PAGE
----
Sunday, July 14, 2013

Now You Sedum

For long-time followers of this blog, you might recall that I have spent quite a bit of time trying to identify, remember, catalog, whatever, all of the daylilies and hosta plants that I have in my garden.  I haven't figured out everything, but I have a decent idea.  I just won't be starting a nursery anytime soon.

These last few weeks I have been busy taking lots of photos.  I found several varieties of sedums and coral bells.  I also realized that for most of these I had no memory of what I bought.  It seems that work and child-rearing got in the way of cataloging anything.  So, I set out to try to figure out what I had.

Today I present the sedums.  I love these because they are so undemanding.  And the ground cover sedums are great.  They crowd out the weeds, save on mulch and water, and spread like...well, weeds.

This first sedum was given to me by a friend who had a rock garden.  It pops up all over and can become invasive.  When the flowers die, I just yank them out, thereby keeping the spread in check.  Some call it rocky stonecrop.

This dragon's blood sedum is another that has moseyed all over the landscape mound in front.  The bees absolutely love it and I do not recommend getting too close when it is in bloom.

This variegated sedum, Sedum spurium 'Tricolor',  is another favorite.  Last year I grabbed two clumps, laid them on top of some soil in a new bed, and now I have ground cover in another area.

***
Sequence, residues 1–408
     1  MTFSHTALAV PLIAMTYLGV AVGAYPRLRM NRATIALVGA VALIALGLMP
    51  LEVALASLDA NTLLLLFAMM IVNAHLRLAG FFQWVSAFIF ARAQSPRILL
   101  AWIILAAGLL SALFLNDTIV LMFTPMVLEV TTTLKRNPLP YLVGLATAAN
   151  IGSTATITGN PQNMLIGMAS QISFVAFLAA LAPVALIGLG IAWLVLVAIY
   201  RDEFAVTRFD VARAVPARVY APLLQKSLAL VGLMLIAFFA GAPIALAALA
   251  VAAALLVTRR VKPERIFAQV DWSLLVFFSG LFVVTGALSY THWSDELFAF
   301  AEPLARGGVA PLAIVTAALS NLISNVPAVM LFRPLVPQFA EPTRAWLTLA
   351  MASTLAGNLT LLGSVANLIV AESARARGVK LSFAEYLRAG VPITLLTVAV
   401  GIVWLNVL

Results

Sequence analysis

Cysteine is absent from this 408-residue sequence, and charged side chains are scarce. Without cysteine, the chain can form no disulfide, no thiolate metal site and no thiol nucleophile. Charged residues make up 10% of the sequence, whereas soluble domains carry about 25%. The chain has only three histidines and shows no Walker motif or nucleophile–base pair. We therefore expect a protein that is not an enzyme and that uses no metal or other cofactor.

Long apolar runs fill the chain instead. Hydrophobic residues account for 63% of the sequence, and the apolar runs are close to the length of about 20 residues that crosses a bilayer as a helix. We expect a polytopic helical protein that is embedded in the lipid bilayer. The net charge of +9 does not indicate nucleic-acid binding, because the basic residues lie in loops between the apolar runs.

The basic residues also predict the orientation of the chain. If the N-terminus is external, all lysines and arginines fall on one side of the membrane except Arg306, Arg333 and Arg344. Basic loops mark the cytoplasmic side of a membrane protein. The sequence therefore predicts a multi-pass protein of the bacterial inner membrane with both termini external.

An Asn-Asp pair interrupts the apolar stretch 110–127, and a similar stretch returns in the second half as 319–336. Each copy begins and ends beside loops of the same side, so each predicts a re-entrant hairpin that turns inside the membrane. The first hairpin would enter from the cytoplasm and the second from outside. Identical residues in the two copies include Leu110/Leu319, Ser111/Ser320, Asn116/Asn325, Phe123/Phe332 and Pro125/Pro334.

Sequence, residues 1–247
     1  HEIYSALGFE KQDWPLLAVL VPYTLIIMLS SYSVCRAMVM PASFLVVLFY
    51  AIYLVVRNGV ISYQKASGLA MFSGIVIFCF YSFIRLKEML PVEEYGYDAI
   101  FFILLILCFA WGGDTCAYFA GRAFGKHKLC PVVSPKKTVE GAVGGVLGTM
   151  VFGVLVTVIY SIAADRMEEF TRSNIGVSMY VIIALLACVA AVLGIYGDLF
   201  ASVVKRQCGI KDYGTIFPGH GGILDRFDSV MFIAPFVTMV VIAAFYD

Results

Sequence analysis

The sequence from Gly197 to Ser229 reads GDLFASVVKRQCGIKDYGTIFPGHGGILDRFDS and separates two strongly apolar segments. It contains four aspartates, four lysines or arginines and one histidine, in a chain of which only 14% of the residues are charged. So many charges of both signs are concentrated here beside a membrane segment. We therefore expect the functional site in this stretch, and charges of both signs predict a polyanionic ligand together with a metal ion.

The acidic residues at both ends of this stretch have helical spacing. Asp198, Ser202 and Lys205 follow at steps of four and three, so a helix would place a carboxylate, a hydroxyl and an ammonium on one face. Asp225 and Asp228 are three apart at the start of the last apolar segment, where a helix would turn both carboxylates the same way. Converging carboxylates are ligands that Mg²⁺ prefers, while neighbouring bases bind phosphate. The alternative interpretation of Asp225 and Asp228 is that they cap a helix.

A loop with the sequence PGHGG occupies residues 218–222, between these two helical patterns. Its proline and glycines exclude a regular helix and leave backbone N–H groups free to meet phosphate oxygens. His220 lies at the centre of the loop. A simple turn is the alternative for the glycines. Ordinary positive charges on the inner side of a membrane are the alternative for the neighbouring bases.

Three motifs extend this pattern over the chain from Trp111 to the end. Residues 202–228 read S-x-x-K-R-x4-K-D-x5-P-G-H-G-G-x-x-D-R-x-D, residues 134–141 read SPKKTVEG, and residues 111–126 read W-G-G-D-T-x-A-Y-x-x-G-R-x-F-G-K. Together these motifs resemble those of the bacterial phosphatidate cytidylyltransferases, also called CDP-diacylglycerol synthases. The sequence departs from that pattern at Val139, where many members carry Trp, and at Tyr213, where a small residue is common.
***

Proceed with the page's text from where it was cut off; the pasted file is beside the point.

The tricolor were planted along with this October Daphne, a lovely blue spreader that radiates from the center.  I only remember the specific name because I found the tag in my garage.  These were planted last year so I am curious to see how they will mature.

Another great spreader is this white stonecrop (?) (with an errant astilbe trying to poke thru).  This stonecrop has a much better habit that the yellow one above.  The flowers do not get as tall and flop over.  This also pops up in unexpected places.  I am not that fussy, so I usually leave it.
Of course, not all sedums hug the ground.  Some are much taller, such as this red-leaved variety, of which I have no idea what its name is.  It blooms much later in the season.  This picture was taken in mid- August last year.
Most of the taller varieties bloom in late summer and autumn, so I will keep my camera handy and photograph them as the season wears on.  With over 400 varieties, I doubt that I will be able to pinpoint what I have unless a name strikes a familiar chord with me.
So, now you sedum.

1 comment:

  1. Well I know I seedum.

    Not a plant with which I am familiar, but I'm all for plants that keep out the weeds.


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